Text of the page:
I have not looked at Honda. I found a decent deal on a 2018 570 full size.


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  11. #9
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    I own a 2006 Honda Foreman 500, but bought a new Polaris Ranger in 2015. Places I have been there hasn't been any width restrictions. It has saved my truck from getting beat up. The downfall is like CC said, much noiser than my ATV.

  12. #10
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    I've lived in Kansas, Arizona, Utah, California, and now Montana and I've ridden several models of Polaris machines in all these states, my current machine is a CanAm Outlander Max XT with the 650 motor.

    The reasons I chose this machine were based on my experiences with a Ranger, a General, and an older Polaris 4-wheeler.

    Obviously the Outlander is narrower and I can get in to the restricted trails with it.

    The side by side machines are more comfortable to some degree but they are easier to handle in bad weather, not withstanding Kansas winds. One of the problems I've already had to solve was how to drive my Outlander in a blizzard without being blinded by the snow and ice. I solved that problem by using a face mask and goggles. As for a side by side being warmer, I'd say that this depends on the circumstances. If you have no doors then I don't think that they are any warmer, with doors it's warmer at first but without a cab heater it will slowly get just as cold as a 4-wheeler but without the wind chill.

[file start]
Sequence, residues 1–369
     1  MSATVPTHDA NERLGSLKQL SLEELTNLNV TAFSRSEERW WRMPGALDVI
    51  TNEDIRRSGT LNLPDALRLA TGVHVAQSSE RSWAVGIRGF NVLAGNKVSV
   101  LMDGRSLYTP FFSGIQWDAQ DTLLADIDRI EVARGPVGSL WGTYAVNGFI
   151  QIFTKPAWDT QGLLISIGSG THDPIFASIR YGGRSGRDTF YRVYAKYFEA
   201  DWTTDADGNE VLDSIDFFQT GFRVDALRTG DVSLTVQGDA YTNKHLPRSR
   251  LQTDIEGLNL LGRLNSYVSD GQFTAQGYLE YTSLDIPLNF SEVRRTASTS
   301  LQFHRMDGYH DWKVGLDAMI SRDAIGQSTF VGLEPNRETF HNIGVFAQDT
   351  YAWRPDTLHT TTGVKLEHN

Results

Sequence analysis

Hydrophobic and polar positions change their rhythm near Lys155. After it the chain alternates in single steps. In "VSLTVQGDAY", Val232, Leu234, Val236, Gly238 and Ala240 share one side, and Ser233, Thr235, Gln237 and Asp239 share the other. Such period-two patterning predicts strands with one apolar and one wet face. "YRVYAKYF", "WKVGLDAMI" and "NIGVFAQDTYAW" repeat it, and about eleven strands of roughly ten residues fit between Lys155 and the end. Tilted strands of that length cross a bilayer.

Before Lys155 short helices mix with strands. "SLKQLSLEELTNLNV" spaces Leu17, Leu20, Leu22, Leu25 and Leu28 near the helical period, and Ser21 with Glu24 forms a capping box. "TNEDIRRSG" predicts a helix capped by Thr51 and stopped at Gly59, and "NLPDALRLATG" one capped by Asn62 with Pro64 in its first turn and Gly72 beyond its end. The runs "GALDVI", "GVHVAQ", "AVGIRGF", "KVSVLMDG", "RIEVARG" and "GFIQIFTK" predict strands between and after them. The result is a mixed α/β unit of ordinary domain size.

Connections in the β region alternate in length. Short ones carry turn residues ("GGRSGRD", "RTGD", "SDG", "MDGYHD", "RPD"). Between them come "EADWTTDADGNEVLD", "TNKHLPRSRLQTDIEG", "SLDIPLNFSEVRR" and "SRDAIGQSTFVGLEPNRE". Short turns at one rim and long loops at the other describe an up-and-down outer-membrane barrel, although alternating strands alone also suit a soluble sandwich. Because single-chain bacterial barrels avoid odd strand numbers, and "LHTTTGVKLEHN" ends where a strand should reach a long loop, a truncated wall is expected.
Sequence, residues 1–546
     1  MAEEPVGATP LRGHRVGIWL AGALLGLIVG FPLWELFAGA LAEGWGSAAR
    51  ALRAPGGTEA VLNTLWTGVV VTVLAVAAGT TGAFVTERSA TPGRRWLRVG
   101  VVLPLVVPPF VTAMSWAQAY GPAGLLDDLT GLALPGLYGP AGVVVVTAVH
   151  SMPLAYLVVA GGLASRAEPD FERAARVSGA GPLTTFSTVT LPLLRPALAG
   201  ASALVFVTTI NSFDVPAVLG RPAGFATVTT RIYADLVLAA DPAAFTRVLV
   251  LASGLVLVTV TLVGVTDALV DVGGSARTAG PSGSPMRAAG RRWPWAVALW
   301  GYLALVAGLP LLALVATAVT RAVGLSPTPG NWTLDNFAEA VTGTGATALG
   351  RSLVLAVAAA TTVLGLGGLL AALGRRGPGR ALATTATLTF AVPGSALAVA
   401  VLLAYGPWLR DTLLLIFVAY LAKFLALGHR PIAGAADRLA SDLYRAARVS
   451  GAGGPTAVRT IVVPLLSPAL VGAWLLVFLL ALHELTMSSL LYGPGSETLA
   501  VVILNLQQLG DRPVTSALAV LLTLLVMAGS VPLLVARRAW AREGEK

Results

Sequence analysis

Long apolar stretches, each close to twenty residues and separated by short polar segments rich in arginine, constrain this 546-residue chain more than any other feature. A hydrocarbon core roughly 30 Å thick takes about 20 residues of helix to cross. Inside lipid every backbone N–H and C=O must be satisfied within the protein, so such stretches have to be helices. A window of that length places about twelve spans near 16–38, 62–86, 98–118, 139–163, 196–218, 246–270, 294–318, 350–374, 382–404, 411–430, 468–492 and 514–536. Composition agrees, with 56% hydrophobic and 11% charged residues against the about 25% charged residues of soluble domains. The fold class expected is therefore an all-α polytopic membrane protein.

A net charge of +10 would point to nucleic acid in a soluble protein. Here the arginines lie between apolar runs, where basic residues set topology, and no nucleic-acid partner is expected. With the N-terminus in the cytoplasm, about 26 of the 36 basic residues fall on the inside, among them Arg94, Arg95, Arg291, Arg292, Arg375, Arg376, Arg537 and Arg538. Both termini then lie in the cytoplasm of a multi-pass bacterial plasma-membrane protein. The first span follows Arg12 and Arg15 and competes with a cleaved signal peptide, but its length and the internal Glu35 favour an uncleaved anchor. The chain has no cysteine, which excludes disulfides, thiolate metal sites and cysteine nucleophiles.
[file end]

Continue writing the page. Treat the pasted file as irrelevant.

A side by side is so large that it tends to get high centered in deep snow, the flat bottom of the machine presses the snow down and causes it to ice over, you end up being high centered on an ice pillar. The only way off that ice pillar is to dig all of the snow out from under the machine. A 4-wheeler can have the same problem but it's a smaller machine and it takes a lot less time to dig it out.

    Another issue I have with the side by sides is that they have a far higher center of gravity and they will tip over easier than a 4-wheeler, if the side by side tips over you aren't going to tip it back upright by yourself and while it's difficult to do it to a 4-wheeler, it can still be done.

    A 4-wheeler doesn't have the storage space of a side by side but you can overcome that problem with a small trailer or a snow sled, both of which are actually a better solution than the limited bed size of a side by side. Both machines can get more storage space by buying a larger trailer or sled but I can see what I'm towing better on a 4-wheeler so it's easier to check my load from time to time. The side by side's heavier weight would allow you to tow a larger load than the 4-wheeler.

    Another advantage of a heavier side by side is that, if you have a winch, you can pull a heavier object but that can be overcome by anchoring either machine to some heavy object.

    My Outlander is a 2-up style so I can have a second person on board with me.
    Last edited by rammont; 02-27-2018 at 07:33 PM.